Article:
Getting Your Money: when to sue

I was recently at a social function where a carpenter was telling me that the Courts in BC are useless because even if you win, you never get your money from the losing party. Although, I do not think he is correct, it can be true.

Before you embark on the potentially lengthy journey of litigation you should assess if it is a good business decision. I often have clients that come to me because they are angry: angry at past partners, employees, employers, and generally people that they feel wronged them — and they want satisfaction. When deciding when to sue, emotion should not be part of the decision making process. If it is, you will invariably be disappointed.

What you should be asking yourself is “If I win, will I get anything at the end of the day?” If the answer is “No” you should really think about not starting litigation. If you feel bad now because you have been wronged, think how bad you will feel later if you win and all you get is a hefty legal bill.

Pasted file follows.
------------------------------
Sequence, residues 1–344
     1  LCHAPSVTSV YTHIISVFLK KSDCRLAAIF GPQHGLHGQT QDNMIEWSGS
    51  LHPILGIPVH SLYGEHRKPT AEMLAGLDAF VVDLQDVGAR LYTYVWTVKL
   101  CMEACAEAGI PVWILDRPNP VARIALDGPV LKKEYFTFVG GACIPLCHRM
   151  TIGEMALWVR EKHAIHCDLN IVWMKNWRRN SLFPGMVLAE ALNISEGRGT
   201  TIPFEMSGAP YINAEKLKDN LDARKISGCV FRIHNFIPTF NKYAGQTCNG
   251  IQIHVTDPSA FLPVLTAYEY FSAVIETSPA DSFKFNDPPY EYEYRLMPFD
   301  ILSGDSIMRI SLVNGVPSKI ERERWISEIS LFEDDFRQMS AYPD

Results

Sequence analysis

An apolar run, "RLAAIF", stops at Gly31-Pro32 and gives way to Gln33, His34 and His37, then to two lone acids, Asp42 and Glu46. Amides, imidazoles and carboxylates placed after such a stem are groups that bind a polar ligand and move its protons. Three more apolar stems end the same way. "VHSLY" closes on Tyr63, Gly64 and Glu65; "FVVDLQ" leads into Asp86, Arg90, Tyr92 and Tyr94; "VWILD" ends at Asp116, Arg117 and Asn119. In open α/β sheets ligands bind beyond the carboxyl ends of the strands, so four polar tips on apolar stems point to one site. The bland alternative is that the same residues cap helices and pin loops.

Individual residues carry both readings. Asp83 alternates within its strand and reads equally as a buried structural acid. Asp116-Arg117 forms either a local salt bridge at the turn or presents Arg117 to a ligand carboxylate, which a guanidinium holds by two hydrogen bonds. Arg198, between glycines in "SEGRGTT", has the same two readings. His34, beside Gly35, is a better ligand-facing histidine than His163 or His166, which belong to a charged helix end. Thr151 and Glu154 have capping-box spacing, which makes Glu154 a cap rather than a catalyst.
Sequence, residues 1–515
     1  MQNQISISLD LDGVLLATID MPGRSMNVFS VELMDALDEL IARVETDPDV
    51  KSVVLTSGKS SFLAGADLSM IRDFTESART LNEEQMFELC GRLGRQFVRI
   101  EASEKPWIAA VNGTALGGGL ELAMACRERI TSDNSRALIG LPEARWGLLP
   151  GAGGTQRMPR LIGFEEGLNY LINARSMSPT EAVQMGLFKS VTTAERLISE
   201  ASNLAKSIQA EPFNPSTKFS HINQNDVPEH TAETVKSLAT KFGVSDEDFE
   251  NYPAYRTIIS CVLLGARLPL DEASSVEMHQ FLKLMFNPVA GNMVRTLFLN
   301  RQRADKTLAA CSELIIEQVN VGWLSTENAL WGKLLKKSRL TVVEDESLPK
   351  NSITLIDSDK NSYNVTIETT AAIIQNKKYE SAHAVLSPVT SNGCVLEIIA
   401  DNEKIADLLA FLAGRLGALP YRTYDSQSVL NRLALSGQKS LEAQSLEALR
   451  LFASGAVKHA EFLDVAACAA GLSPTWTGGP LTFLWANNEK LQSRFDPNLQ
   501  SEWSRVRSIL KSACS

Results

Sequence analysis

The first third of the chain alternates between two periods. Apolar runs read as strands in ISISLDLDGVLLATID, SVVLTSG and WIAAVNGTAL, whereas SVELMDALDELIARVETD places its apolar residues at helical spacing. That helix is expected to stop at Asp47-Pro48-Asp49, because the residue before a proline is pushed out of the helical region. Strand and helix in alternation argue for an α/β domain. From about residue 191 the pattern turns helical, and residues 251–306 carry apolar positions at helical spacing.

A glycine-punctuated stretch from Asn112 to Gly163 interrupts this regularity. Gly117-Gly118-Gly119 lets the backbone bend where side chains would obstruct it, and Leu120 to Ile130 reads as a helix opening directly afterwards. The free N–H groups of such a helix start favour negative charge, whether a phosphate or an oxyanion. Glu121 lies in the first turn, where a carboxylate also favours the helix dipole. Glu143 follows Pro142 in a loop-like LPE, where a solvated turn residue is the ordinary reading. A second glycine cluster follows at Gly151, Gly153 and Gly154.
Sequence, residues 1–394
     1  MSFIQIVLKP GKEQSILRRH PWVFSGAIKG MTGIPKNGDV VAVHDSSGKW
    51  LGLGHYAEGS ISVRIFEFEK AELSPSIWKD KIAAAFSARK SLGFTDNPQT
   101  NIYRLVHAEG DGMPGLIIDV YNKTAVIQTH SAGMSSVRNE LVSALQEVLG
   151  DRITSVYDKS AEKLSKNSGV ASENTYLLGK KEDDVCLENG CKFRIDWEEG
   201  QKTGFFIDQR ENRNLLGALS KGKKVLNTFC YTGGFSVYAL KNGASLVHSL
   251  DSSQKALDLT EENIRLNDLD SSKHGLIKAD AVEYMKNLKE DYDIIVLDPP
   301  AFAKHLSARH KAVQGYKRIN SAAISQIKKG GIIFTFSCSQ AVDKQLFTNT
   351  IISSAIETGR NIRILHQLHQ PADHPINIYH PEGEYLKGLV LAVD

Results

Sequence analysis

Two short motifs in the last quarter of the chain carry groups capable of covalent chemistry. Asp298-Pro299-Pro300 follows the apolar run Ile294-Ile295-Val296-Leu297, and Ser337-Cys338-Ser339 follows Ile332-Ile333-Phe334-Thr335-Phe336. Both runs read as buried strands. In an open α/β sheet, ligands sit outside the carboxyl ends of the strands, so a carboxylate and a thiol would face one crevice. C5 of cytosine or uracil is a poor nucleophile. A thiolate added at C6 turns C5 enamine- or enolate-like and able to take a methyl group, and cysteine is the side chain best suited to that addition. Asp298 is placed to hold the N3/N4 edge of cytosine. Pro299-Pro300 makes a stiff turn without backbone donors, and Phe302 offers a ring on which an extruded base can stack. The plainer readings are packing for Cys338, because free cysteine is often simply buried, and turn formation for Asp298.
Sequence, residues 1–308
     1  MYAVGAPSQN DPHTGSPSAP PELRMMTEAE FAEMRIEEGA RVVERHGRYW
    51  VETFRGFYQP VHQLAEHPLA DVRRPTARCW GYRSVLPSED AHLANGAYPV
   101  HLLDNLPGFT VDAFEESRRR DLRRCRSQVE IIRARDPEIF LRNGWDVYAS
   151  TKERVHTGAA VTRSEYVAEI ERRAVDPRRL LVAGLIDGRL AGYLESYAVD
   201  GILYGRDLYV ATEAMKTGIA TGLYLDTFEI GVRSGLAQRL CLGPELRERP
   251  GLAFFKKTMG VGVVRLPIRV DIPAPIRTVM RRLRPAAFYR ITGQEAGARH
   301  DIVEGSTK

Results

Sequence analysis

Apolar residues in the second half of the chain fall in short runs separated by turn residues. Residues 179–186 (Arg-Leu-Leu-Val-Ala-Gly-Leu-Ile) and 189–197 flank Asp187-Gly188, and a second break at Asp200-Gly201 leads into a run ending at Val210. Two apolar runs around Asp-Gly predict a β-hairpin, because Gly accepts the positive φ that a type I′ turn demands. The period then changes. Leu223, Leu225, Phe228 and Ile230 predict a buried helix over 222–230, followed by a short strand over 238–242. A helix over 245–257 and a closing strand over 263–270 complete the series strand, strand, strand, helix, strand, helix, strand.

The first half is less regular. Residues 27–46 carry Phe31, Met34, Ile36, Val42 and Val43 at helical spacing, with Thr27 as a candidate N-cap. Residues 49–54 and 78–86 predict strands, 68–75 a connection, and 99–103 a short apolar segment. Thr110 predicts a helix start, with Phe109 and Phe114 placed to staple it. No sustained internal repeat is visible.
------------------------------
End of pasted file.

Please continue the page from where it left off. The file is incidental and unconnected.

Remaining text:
If you sue in the Supreme Court of BC you may get some of your costs back, but only if the other side has money.

Prior to making this important decision you need to know who you can sue. If a small company wronged you, you may only be able to go after the company and not the guy running it. Many times the first key question is who is actually on the other side. Is it Tom, the guy that sold you the building, or is it his numbered company 12345678 BC Ltd.? The company may not have any assets and may be out of business by the time the court case is over. A business is a separate legal entity and although all of the actions were done by the owner, he may not be personally liable for any of it.

Just like when you are building something out of wood: “Measure twice and cut once” is the old adage. In litigation, think twice before starting litigation because two wrongs don’t make it right.

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